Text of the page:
As hundreds of Haitian refugees arrive in Massachusetts from natural disasters and social unrest, state gover – MassLive.com

As more than 100 families arrived in Massachusetts in recent weeks seeking safety from natural disasters and political unrest in Haiti, many have been left without basic necessities including housing and medical care, while some are even facing deportation.
And as local grassroots movements are working to provide food, clothing, housing and legal assistance, according to the Boston Globe, the federal government is working to send people back to Haiti.
“The federal government has abdicated its responsibility of providing much-needed humanitarian protection and other support for the Haitian refugees,” Iván Espinoza-Madrigal, executive director for Lawyers for Civil Rights said, according to the Globe.
Meanwhile, a former state representative from Haiti, Marie St. Fleur, reportedly said that Massachusetts needs to act immediately to help support refugees.
“We are facing a humanitarian crisis that does not need to happen,” she told the Globe. “We are better than this in Massachusetts.”
Haiti has been the site of a series of different crises in recent years.
In August, an earthquake struck the island and killed more than 2,200 people just weeks after the assassination of President Jovenel Moïse in July. Haiti was also hit hard by the COVID-19 pandemic, being the last country in the Americas to receive COVID vaccines and less than 1% of the country was vaccinated as of last week, according to the Globe.
Haiti also faced two more natural disasters, an earthquake that killed more than 220,000 people in 2010, and damage caused by Hurricane Matthew in 2016.
Geralde Gabeau, the executive director of Immigrant Family Services Institute on Blue Hill Avenue told the Globe that the organization has relied on staff and community members to assist more than 100 Haitian families, which include pregnant people and children who arrived from the Mexico border.
Additionally, Massachusetts residents are opening up their homes to refugees helping provide food, clothes and diapers to families.
“People opened up their hearts and said, ‘Yes, I am willing to help you because I know that you have been going through so much,’” Gabeau told the Globe.
Congresswoman Ayanna Pressley, who represents Boston and surrounding communities, said she is working closely with the Haitian community to support people on the island and in Massachusetts.
Pressley, the co-chair of the House of Representatives’ Haiti Caucus and a member of the House Oversight Committee, is calling on an investigation into the “the horrendous abuse and mass deportation of Haitian migrants,” the Globe reported.
The Massachusetts congresswoman is also asking the Biden administration to stop using a provision that allows people to be expelled from the border without giving them a chance to apply for asylum. She is calling on a halt to deportations and for humanitarian parole for Haitian families in order to apply for asylum, according to the Boston Globe.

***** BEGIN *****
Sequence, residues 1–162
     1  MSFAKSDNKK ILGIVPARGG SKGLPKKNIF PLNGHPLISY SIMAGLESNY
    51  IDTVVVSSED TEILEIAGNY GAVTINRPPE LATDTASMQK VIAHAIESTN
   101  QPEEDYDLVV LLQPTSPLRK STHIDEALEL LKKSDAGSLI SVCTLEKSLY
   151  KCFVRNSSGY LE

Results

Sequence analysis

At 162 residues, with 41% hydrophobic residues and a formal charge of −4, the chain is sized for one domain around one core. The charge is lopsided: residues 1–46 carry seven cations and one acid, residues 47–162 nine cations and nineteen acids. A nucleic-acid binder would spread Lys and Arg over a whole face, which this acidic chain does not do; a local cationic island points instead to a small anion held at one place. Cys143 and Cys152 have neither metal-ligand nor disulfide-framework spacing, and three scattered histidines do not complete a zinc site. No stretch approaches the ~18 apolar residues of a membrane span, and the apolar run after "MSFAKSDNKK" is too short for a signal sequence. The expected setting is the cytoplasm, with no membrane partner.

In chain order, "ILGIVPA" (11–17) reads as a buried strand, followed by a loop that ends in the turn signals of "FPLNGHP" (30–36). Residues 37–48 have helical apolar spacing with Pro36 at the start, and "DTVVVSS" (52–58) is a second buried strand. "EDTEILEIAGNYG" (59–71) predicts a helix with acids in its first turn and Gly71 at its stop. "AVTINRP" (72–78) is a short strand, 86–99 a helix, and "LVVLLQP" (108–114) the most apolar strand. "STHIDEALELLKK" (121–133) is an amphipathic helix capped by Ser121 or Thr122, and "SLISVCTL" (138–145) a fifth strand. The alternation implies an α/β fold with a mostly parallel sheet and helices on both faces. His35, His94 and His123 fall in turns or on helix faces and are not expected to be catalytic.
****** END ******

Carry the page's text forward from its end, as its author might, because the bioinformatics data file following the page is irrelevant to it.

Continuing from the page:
Rev. Dieufort Fleurissaint president and executive director of True Alliance Center which words to provide support to the Haitian community told the Globe that returning to the country is, “a death sentence, basically.”
“This is very serious, when you take into consideration the unsafe conditions of Haiti,” Fleurissaint reportedly said. “Those who are already here couldn’t go back to Haiti.”
Yusufi Vali, director of Boston’s immigrant advancement office, is calling for greater action from the federal and state governments, as well as local groups to support assistance efforts.
“The recent Haitian arrivals are extremely vulnerable families, and we’re working with nonprofit organizations to support them,” Vali told the Globe. “But we really need the federal and state governments as well as philanthropic organizations to step up. We cannot do this alone.”
However, a spokesperson for the Executive Office of Health and Human Services in Massachusetts said that there is a process where states are contacted by federal authorities to request assistance with housing refugees, according to the Boston Globe.
“The Baker-Polito Administration is awaiting information from the federal government regarding any requests for assistance and information about potential eligibility for support services,” a statement read.
Boston has one of the largest Haitian populations in the United States and now many are facing possible removal from by U.S. immigration courts, the Globe reported.
Espinoza-Madrigal, with for Lawyers for Civil Rights, said the organization is working with Haitian Americans United to discuss legal support for 24 families who just arrived. Many have already been placed in removal proceedings in immigration court by the federal government, with court dates scheduled in the coming weeks and months, according to the Globe.
“The federal government is testing their ability to remain in the United States,” Espinoza-Madrigal reportedly said. “It doesn’t appear that any of these families have been granted immigration protection or relief, which is deeply problematic considering that Haitian refugees are fleeing life-threatening conditions in their home country.”
Many of these families have survived constant turmoil and are simply seeking better lives for themselves and their children.
“They just want a chance at life,” Fleurissaint said. “That’s basically the argument we have made to the US government.”
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